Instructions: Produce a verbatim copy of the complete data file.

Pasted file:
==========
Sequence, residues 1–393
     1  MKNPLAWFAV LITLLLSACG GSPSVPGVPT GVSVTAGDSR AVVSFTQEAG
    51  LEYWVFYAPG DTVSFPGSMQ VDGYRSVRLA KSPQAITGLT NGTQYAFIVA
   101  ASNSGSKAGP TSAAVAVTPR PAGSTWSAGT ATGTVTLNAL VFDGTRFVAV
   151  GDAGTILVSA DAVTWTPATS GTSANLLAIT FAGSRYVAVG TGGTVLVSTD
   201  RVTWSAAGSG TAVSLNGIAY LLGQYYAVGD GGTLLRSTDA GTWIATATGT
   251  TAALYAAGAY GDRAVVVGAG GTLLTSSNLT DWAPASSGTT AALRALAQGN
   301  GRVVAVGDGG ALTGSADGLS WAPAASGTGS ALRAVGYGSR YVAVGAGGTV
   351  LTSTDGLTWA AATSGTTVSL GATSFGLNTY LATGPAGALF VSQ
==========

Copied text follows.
Sequence, residues 1–393
     1  MKNPLAWFAV LITLLLSACG GSPSVPGVPT GVSVTAGDSR AVVSFTQEAG
    51  LEYWVFYAPG DTVSFPGSMQ VDGYRSVRLA KSPQAITGLT NGTQYAFIVA
   101  ASNSGSKAGP TSAAVAVTPR PAGSTWSAGT ATGTVTLNAL VFDGTRFVAV
   151  GDAGTILVSA DAVTWTPATS GTSANLLAIT FAGSRYVAVG TGGTVLVSTD
   201  RVTWSAAGSG TAVSLNGIAY LLGQYYAVGD GGTLLRSTDA GTWIATATGT
   251  TAALYAAGAY GDRAVVVGAG GTLLTSSNLT DWAPASSGTT AALRALAQGN
   301  GRVVAVGDGG ALTGSADGLS WAPAASGTGS ALRAVGYGSR YVAVGAGGTV
   351  LTSTDGLTWA AATSGTTVSL GATSFGLNTY LATGPAGALF VSQ